Letter: Help for self-harmers

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The Independent Online
Letter: Help for self-harmers

AS A recovering "cutter", I was appalled at the feature "Why I have to harm myself" (24 February).

From my experience over 28 years of serious self-injury, and five years "in recovery" from it, I know this condition to be an addiction. It does not start out as one, but it becomes one, like any coping strategy. To facilitate such a strategy is at best misguided, and at worst dangerous; not least for the message it sends to those who are trying to learn better ways of coping.

Is there any effective treatment centre which would, as described in your article, permit a self-harmer - and in this category I include alcoholics, drug addicts and anorexics - to use their behaviour as a "fail-safe" for any longer than it takes to understand the reasons why? Most sufferers are desperate for help, not to minimise, but to stop, and be stopped.

According to your article, Sharon LeFevre is being enabled to carry on cutting by those who encourage her "workshops". She is not going to stop, because she has become her own "course material" - exhibiting scars in accident and emergency departments across the country, in the belief that she is "educating" the medical profession.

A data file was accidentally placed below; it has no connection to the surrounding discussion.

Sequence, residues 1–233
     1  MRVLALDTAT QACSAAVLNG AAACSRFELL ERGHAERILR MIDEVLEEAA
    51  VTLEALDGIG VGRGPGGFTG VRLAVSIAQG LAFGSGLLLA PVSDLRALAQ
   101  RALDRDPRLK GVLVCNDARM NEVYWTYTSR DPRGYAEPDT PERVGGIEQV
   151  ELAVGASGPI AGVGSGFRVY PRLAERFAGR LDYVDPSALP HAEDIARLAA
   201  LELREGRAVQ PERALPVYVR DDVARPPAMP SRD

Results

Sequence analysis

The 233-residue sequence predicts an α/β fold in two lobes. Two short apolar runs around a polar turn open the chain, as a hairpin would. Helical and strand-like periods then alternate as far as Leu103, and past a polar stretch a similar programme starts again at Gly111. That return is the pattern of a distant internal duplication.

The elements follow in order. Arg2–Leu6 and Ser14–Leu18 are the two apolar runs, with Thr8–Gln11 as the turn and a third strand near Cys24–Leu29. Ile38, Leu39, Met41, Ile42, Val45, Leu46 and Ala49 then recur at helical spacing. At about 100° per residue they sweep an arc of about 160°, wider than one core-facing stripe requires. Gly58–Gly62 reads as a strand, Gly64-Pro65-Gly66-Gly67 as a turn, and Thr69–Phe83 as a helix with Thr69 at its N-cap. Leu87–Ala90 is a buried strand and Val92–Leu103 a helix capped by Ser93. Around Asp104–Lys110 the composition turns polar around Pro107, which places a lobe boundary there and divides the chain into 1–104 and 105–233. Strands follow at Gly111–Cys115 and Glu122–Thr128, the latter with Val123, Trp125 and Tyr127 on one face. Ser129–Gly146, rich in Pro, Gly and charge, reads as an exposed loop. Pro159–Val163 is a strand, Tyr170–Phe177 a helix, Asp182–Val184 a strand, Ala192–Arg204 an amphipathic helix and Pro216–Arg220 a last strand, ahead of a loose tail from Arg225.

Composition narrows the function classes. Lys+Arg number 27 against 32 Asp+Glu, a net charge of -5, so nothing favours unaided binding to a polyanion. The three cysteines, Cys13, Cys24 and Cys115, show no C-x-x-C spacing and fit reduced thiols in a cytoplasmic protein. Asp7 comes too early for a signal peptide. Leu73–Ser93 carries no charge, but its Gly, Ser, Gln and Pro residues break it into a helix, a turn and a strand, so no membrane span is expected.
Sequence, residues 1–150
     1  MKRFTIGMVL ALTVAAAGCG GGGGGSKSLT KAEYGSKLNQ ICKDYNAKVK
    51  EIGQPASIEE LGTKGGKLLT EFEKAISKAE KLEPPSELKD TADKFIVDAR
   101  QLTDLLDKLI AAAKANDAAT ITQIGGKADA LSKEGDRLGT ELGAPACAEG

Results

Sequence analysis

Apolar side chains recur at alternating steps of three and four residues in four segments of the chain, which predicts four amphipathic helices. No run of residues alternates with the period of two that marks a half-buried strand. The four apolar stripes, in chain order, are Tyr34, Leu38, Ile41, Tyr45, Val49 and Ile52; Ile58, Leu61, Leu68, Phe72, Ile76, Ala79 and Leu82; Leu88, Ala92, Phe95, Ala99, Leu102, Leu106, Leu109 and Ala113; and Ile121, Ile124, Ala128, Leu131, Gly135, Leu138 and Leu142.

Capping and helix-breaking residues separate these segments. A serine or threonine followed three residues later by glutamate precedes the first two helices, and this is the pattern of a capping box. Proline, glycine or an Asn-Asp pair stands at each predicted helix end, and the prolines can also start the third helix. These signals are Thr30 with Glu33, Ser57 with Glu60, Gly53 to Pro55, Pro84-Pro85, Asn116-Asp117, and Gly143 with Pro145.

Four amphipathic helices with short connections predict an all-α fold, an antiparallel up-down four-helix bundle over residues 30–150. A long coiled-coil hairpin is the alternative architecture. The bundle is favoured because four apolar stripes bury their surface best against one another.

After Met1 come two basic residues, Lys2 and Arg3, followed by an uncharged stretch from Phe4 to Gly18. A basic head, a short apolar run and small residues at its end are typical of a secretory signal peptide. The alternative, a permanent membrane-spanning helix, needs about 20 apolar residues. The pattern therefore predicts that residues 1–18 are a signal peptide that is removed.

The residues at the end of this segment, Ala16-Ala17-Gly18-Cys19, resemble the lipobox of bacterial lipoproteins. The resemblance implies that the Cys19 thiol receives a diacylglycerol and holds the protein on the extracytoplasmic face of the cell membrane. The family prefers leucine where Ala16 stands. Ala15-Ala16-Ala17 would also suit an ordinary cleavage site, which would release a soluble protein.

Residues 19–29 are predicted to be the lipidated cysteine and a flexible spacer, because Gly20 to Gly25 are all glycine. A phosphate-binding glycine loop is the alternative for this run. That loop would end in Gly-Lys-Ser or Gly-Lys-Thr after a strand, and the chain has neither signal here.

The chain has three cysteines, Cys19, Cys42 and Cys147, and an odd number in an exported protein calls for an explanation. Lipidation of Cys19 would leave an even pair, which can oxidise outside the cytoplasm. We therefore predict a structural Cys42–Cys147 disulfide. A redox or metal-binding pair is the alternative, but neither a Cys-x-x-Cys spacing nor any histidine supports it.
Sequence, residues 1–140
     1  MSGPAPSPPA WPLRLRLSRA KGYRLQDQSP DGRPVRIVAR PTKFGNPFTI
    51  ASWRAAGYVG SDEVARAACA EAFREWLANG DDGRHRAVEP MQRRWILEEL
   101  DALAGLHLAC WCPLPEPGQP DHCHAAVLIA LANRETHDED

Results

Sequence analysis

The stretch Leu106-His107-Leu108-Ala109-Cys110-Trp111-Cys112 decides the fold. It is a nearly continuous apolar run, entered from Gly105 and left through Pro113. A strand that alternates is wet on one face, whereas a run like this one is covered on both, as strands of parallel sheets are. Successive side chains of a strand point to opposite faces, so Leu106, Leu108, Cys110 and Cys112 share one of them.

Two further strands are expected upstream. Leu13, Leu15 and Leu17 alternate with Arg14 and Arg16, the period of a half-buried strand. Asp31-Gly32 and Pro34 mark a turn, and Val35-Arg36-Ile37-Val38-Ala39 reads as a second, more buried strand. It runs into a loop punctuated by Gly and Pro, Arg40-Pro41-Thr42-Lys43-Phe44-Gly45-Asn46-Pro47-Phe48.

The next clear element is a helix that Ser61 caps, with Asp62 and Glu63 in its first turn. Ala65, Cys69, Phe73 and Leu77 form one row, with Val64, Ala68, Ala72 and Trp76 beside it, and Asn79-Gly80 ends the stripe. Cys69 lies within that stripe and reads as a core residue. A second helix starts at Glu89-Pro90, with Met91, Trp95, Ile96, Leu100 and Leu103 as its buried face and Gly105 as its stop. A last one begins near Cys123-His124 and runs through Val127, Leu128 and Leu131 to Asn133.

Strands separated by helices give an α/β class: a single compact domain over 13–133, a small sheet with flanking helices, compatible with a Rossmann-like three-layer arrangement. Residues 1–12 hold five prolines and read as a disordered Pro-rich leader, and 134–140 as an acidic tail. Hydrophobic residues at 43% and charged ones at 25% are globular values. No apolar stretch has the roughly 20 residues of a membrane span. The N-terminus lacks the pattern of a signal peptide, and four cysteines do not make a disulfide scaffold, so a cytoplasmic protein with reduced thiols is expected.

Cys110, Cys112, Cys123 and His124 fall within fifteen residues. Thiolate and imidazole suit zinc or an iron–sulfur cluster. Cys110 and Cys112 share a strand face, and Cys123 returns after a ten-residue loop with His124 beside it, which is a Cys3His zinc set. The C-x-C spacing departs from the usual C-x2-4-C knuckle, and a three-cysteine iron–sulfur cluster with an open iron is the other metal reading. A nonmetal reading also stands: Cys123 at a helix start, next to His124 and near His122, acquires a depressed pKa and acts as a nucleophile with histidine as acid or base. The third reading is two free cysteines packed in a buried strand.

Twenty years ago I too experienced lack of understanding from some members of the medical profession. I also experienced great compassion and care from other members of the same profession. Frequently, and on reflection, what I perceived as hostility was simply a matter-of-fact response from a busy A&E team, usually late at night, dealing with what really was - to be blunt - unnecessary work.

Unlike Ms LeFevre, I neither looked for nor expected deep psychological insight from these people. Nor would it have helped me then if it had been available. What I did receive was the appropriate medical intervention dictated by my physical injuries.

Repeated self-injury is both aggressive and frightening to the onlooker. Many of the nursing staff were themselves traumatised by my behaviour. They weren't "hostile", just horrified and shocked - a natural response on seeing grotesque mutilation.

You cannot force "understanding" down peoples' throats. More often than not their natural reaction is the salutary lesson which eventually brings us back to reality.